Page last updated at 17:27 GMT, Saturday, 26 April 2008 18:27 UK

'Weeks' to re-start strike plant

Grangemouth refinery

Scotland's only oil refinery will take up to three weeks to start up again, following a workers' strike.

Workers at the Grangemouth plant will walk out for 48 hours on Sunday, amid a pensions dispute.

However, UK Business Secretary John Hutton said there was enough fuel to get through the action.

Grangemouth operator Ineos said it would still take two or three weeks to get back up and running, despite safety cover being provided by workers.

Meanwhile, oil and gas operators urged UK ministers to intervene in the dispute - which will result in the closure of the BP Forties pipeline which provides 30% of the UK's daily oil output from the north sea.

Some petrol stations in Scotland have reported running out of fuel - but the situation had calmed down compared to earlier in the week, the Scottish Motor Trade Association said.

Our first and foremost concern at the moment is to make sure that there are adequate supplies in Scotland of petrol and diesel - and there are
John Hutton
UK business secretary

Grangemouth general manager Gordon Grant told BBC News: "We've been buying fuels in the market place and we've been bringing them into Grangemouth and sending them back out by road and sea."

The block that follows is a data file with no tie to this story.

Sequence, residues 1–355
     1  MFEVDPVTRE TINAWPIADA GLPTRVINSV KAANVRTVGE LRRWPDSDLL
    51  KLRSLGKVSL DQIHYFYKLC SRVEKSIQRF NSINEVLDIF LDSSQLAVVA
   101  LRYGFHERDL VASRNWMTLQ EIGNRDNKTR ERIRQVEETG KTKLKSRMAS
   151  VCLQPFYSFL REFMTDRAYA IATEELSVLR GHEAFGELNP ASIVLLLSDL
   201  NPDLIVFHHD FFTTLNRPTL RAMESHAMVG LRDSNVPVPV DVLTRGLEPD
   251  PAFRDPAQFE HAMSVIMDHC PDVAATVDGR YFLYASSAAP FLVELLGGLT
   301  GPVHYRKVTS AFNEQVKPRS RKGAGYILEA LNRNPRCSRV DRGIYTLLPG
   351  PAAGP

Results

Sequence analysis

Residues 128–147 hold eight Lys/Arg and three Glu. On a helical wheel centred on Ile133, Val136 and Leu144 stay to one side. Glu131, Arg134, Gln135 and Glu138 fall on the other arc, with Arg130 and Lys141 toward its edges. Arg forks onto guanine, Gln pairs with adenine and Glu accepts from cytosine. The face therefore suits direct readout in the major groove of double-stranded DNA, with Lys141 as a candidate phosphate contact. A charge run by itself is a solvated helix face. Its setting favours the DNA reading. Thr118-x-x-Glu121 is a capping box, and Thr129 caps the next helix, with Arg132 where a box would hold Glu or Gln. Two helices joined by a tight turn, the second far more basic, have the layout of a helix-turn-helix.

Mr Grant also made an 11th-hour bid for the Unite union to get back round the negotiating table, saying changes to the company pension scheme were needed as part of a modernisation programme.

"We need to modernise everything we do. We need to be competitive in everything we do, pensions is just one part of that modernisation programme".

Dispute 'damage'

The Forties pipeline brings 700,000 barrels of oil and 80 million cubic metres of gas a day to BP's Kinneil plant, which is powered from the Grangemouth site.

It will have been shutdown by 0600 BST on Sunday, at the start of the strike.

Oil and Gas UK said the move would cost the UK 50m a day - half of which would apply to the Treasury - and called for ministers to step in.

Mr Hutton said most UK companies were looking at their pension schemes, but added: "It is in no-one's interest for the damage to spread from this industrial action to companies who are not parties to it and shouldn't be drawn into it in this way.

"It doesn't serve anyone's interest in this dispute for the damage to be spread."

He stressed: "Our first and foremost concern at the moment is to make sure that there are adequate supplies in Scotland of petrol and diesel - and there are - to last through this period and beyond."


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